Emergency workers, Tibetan monks continue relief effort after last week's powerful tremor kills more than 2,000 people in country's northwes.
China is observing a national day of mourning Wednesday, a week after a powerful earthquake killed more than 2,000 people in a Tibetan region of the country's northwest.
China's State Council, or Cabinet, Tuesday ordered all flags in China and in embassies and consulates around the world to fly at half-staff to mark the 6.9 magnitude quake that hit the remote Yushu prefecture on April 14. Live and televised entertainment, including sports, has been curtailed for the day.
Rescue efforts continue although hopes of finding survivors are dwindling. Workers are battling frigid, snowy weather as well as the physical effects of the high altitude. The weather is hindering deliveries of aid to the affected area.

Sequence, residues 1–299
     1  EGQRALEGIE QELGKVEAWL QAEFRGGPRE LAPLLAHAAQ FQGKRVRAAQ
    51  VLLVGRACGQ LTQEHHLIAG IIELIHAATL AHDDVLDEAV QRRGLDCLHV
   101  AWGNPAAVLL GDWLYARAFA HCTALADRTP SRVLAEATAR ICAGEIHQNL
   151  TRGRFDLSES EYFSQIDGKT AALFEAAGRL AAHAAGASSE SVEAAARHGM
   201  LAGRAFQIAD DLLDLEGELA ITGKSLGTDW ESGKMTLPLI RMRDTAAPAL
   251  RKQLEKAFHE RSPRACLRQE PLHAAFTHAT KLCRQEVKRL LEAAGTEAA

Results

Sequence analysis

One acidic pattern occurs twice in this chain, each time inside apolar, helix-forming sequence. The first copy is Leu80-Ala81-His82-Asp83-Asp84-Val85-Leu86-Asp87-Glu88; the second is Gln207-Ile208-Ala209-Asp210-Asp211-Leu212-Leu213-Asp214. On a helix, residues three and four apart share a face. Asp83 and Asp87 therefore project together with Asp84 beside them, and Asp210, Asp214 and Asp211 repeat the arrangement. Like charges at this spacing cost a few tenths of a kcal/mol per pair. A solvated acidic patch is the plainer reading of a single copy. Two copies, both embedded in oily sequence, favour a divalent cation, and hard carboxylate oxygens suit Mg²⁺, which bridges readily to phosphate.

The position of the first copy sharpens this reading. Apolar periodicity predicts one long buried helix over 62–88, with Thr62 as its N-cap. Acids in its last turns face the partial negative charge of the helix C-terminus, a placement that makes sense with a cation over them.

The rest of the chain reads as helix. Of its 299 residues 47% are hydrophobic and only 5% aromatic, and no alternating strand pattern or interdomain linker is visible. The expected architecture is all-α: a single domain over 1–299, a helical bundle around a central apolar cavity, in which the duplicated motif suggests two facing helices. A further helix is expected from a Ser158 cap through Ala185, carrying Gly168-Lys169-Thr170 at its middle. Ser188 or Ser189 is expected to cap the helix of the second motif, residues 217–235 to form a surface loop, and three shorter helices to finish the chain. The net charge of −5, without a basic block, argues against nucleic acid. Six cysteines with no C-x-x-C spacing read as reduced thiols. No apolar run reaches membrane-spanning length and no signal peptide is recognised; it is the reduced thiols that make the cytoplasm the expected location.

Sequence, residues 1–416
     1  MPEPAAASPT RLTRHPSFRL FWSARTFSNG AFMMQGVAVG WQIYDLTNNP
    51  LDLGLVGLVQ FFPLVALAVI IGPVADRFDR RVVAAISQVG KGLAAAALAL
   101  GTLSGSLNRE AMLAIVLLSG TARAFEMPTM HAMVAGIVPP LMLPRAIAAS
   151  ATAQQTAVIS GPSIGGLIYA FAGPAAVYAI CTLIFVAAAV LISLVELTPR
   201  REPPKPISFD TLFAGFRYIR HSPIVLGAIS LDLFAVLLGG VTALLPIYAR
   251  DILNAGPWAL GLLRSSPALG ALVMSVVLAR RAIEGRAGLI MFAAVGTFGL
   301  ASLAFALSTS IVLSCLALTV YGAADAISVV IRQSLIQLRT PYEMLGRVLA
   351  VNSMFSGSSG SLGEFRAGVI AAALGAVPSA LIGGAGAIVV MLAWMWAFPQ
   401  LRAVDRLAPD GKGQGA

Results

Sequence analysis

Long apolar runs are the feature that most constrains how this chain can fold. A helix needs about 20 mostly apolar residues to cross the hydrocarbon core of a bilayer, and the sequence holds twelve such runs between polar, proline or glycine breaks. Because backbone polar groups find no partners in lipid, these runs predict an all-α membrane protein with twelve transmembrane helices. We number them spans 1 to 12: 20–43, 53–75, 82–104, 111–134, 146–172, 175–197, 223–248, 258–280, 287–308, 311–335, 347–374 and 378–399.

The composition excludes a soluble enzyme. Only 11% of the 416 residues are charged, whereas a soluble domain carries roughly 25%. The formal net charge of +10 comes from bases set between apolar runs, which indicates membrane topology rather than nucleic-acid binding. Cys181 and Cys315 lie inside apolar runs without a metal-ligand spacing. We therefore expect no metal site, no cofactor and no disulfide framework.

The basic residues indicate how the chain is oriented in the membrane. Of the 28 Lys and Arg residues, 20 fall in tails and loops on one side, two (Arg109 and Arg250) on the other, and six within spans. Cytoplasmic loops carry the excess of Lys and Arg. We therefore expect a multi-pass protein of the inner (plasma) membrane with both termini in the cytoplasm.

The death toll from the magnitude-6.9 quake April 14 rose to 2,064 Tuesday. At least 175 people are missing. More than 12,000 people were injured in the quake and tens of thousands were left homeless.
Emergency workers rescued three people Monday, including a 68-year-old woman and a 4-year-old girl pulled from under the rubble of a collapsed building in the town of Jiegu. A woman in her 30s was also found trapped under a building on Tuesday.
Tibetan monks have taken a lead role in the relief effort, helping to clear debris and distribute food.
Chinese President Hu Jintao visited Yushu in Qinghai Province Sunday to inspect the recovery efforts. The president said the Chinese government is doing everything it can to help the people of the remote, ethnic Tibetan region.
Tibet's exiled spiritual leader, the Dalai Lama, has appealed to the Chinese government to allow him to visit the quake site, but Beijing has not responded.
Some information for this report was provided by AP, AFP and Reuters.